• We estimate gender gaps in preferences of 1088 high school students in 53 classrooms.
• Incentivized experimental data are linked to rich administrative background data.
• Our class fixed effects models show that females are more altruistic than males.
• They are also less present biased, trusting, trustworthy and competitive than males.
• Extensive controls eliminate the gender gap in risk tolerance.
In this study, we estimate unadjusted and adjusted gender gaps in time preference, risk attitudes, altruism, trust, trustworthiness, cooperation, and competitiveness using data on 1088 high school students from 53 classes. These data, collected by running incentivized experiments in Hungarian classrooms, are linked to an administrative data source on the students’ standardized test scores, grades and family background. After taking into account class fixed effects, we find that females are significantly more altruistic, but are less present biased, less risk tolerant, less trusting, less trustworthy, and less competitive than males. At the same time we do not observe significant gender differences in patience, time inconsistency and cooperation at the 5% significance level. We also show that most of these initial gender differences do not change even if we control for age, family background, cognitive skills and school grades in a regression framework. We risk over-control when we include the time spent on each task as well as the other preference domains in our regressions, but the gender gap remains significant in social preferences (altruism, trust and trustworthiness), present bias and competition.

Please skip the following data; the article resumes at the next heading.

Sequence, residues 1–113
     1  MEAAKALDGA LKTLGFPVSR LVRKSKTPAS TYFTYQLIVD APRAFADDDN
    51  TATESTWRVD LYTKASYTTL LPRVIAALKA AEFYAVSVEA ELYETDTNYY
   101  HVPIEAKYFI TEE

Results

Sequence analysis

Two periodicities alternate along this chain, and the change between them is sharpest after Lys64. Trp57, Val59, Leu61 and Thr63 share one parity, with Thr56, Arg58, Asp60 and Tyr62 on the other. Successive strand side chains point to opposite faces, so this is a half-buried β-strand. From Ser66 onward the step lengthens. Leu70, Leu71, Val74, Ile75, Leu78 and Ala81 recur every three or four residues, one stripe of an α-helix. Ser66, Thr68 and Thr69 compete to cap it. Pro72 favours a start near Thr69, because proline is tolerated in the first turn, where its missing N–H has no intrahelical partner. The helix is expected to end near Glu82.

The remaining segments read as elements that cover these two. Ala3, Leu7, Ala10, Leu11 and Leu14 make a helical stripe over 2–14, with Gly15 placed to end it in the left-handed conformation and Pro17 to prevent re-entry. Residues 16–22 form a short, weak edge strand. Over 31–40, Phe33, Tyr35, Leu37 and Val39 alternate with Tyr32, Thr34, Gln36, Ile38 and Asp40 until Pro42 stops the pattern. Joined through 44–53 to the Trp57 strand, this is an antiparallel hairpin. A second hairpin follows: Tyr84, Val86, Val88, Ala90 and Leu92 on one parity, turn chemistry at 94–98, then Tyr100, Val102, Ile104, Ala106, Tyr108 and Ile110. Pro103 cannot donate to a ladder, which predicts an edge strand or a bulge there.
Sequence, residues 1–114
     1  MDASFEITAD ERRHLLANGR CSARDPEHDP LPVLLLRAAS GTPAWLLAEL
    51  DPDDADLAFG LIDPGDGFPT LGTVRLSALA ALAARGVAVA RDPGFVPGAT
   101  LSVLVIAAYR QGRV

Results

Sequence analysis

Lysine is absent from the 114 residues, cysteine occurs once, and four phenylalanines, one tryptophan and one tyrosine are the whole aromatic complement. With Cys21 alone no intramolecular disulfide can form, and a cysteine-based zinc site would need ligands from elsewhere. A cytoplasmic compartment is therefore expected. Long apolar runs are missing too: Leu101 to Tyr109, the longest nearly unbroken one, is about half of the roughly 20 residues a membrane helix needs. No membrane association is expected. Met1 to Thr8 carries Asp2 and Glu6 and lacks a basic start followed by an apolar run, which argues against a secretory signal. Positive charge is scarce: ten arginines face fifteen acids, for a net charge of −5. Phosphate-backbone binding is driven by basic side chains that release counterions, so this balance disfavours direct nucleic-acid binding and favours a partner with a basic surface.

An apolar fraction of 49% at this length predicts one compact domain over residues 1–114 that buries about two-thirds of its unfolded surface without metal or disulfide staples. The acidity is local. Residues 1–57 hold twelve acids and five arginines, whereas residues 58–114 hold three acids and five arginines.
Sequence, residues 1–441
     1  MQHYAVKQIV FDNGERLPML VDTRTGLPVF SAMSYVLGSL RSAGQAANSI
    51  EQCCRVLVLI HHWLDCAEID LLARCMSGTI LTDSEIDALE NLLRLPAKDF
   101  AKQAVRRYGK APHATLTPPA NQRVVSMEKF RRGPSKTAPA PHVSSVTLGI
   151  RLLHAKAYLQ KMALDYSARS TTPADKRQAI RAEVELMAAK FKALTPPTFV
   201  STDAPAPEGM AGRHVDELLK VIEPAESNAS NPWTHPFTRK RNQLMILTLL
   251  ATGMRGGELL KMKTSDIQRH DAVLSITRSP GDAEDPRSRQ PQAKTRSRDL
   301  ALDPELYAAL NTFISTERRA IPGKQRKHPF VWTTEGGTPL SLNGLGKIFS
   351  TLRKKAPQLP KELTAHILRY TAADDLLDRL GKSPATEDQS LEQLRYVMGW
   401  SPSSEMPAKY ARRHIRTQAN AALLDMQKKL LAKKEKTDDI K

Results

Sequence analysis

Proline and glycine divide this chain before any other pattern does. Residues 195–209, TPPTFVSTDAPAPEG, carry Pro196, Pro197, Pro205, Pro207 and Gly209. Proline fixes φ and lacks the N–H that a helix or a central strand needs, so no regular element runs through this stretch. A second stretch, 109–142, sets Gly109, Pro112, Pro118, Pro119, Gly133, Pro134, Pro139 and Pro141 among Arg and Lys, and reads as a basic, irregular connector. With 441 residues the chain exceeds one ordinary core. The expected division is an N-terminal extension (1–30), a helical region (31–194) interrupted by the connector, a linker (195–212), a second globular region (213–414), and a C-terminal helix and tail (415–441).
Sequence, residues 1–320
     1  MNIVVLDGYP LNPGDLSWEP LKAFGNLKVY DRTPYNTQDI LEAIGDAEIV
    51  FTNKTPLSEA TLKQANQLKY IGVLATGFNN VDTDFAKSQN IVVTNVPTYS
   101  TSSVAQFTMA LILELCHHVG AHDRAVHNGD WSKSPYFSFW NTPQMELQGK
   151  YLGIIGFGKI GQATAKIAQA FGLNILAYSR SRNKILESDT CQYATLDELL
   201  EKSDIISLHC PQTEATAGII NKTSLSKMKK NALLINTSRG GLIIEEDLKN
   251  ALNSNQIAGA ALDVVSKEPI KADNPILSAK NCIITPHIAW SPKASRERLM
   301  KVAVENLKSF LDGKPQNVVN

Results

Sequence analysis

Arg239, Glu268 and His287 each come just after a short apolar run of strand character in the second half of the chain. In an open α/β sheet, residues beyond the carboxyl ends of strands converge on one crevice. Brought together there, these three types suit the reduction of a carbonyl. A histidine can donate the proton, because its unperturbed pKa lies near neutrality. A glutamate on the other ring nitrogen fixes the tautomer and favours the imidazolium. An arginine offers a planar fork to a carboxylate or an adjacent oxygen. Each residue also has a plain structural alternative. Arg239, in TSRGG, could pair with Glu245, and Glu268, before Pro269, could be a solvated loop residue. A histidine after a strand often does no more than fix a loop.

Adolescents, Altruism, Competitiveness, Cooperation, Dictator game, Patience, Present bias, Public goods game, Risk preferences, Social preferences, Time inconsistency, Time preferences, Trust, Trustworthiness